Chapel of St. George


The Chapel of St. George 



We welcome you to join in the sacred communal life of the Ranch, by way of our offerings of prayer and meditation in The Chapel of St. George. Every Sunday the Chapel celebrates the Mass (Holy Eucharist), and our Chaplain and on-site Prayer Residents offer daily prayer in the Chapel, morning and evening, Tuesday through Saturday, except in the summer months.

Daily Prayer and Meditation

Morning and evening prayer (i.e., Matins and Vespers) are offered Tuesday through Saturday every week, except June-August. Each Liturgy is preceded by thirty minutes of silent meditation. We warmly welcome you to any or all of our offerings in the Chapel. Our daily prayer services are simple and contemplative, and offer an opportunity for communal silence, praise, and thanksgiving. These services are generally led by our volunteer Prayer Residents.

Holy Eucharist

We invite you to join us for Sunday worship at 9:30am in The Chapel of St. George. Our practice is to worship not only in Word and Sacrament, but also in holy silence. We begin with a few minutes of silent meditation, and silence follows each of the readings. After the silence that follows the Gospel reading, the Presider will invite all to share their own reflections on the readings or themes of the day, if they wish. The Presider will offer a final short homily toward the end. All are welcome to receive Holy Communion. For more information about the life of the Chapel, our style of worship, and contact information for our Chaplain, a Chapel information sheet can be found on the entryway table in the narthex.


Schedule of Worship:

Tuesday – Saturday:

Morning Meditation: 7:00am

Morning Prayer (Matins): 7:30am

Evening Meditation: 5:30pm

Evening Prayer (Vespers): 6:00pm


Mass (Holy Eucharist): 9:30am


The History of The Chapel of St. Georgechapelspring

  • The Chapel of St. George was built in 1955 as a chapel peculiar of Grace Cathedral under the leadership of Bishop Karl Morgan Block. It was the first new building constructed after the Diocese of California purchased the Ranch from the White family in 1947.
  • Saint George of Lydda, the Patron of our Chapel, was, according to tradition, a Roman soldier of Cappadocian Greek origin, who served in the Guard of Diocletian. One of the most venerated Saints in the Anglican jurisdiction, he is considered the Patron Saint of England and also of farmers. He is immortalized in the legend of his defeat of a dragon that had long been harassing a Cappadocian village, demanding annual human sacrifices of its people. Following his slaying of the dragon, St. George is said to have been martyred in 303 in the pre-Constantinian persecutions for refusing to recant his Christian faith.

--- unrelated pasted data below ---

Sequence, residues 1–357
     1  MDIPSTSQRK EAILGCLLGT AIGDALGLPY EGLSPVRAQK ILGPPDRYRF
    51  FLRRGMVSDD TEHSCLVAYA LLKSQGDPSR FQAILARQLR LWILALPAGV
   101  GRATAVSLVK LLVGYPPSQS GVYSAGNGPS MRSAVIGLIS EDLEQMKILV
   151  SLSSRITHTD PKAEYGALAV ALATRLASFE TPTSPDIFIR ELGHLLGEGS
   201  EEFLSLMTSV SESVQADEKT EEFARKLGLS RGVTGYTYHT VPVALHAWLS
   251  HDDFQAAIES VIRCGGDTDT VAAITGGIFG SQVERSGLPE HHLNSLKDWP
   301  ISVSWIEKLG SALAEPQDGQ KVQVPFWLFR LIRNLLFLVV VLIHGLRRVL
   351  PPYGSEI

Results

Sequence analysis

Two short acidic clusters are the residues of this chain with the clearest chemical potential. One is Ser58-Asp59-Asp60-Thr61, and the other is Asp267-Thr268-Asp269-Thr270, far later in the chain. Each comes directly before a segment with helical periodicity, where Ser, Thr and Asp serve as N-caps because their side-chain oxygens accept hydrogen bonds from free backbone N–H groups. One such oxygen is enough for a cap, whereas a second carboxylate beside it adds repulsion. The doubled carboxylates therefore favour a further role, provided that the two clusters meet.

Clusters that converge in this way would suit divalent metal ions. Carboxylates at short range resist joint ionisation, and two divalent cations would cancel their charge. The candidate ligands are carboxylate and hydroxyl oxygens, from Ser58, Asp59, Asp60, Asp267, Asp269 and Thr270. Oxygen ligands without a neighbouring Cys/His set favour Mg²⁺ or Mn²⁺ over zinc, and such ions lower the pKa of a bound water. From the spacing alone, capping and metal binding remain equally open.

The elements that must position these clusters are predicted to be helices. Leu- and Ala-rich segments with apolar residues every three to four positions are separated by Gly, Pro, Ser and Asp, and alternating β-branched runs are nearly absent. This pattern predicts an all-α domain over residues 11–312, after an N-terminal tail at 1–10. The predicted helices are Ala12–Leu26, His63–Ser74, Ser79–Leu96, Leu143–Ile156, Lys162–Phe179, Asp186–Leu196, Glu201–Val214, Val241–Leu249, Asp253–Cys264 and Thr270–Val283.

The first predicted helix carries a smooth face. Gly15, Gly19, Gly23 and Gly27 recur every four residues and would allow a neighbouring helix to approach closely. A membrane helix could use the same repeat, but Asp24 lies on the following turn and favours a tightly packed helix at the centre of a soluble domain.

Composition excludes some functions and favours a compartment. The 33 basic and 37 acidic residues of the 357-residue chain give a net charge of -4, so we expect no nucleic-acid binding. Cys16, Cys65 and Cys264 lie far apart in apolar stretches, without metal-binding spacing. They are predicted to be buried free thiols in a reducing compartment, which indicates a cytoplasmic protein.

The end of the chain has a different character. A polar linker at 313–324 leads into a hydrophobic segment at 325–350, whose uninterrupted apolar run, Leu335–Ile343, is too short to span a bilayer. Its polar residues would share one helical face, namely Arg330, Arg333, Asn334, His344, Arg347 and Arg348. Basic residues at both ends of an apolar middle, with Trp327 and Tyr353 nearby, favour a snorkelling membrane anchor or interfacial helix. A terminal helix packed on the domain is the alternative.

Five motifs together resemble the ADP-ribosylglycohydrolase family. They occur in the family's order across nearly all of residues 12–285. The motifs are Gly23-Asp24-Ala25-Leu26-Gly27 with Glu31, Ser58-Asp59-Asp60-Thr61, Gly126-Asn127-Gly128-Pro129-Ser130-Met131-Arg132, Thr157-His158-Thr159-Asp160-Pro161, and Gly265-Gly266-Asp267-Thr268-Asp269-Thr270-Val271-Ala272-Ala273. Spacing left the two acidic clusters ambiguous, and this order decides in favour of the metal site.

• The Windows on the north wall, in the sanctuary, and in the nave are the work of glass artist Irmi Steding. The guiding idea of the windows in the sanctuary is to provide non-representational inspiration for meditation. The windows in the nave follow the theme of the song-prayer of St. Francis, the Canticle of the Sun.
  • Franciscan Friars of the Episcopal Church managed the Ranch and offered daily worship in the Chapel from the mid-1970s through the mid-1980s, and the beautiful marks of their time of stewardship and ministry here can be seen not only in The Chapel of St. George (for instance, in the Franciscan window above the choir loft and the statue of St. Francis to the right of the chancel), but all around the campus of the Ranch.
  • Baptismal Font — As you enter the Chapel and come into the narthex, you will see our beautiful baptismal font, which was handcrafted by two local artists: Philip Caswell and Caryl Castleberry. Mr. Caswell crafted the stand, and Ms. Castleberry sculpted the bronze bowl which holds the blessed water.
  • Our Lady of Guadalupe — To the left of the chancel, above the vigil candles and prayer station, hangs a gorgeous retablo of Our Lady of Guadalupe, Mother of the Americas. The Chapel and Ranch community has a great love for the Blessed Mother, and many folks have knelt and prayed at the prayer station to Our Lady over decades of time. The retablo of Our Lady of Guadalupe that currently forms the centerpiece of this shrine was ‘written’ (hand painted) in the traditional Spanish colonial style by renown Santera, Catherine Robles Shaw (of New Mexico and Colorado). The retablo was given as a special gift by our Chaplain Emerita, The Rev. Pat Moore.

Prayer Resident Program

The Volunteer Prayer Resident is a short-term position typically lasting one month. The prayer resident leads daily meditation, Morning and Evening Prayer, and takes part in the spiritual life and ministry of hospitality at the Ranch. [More information and application.]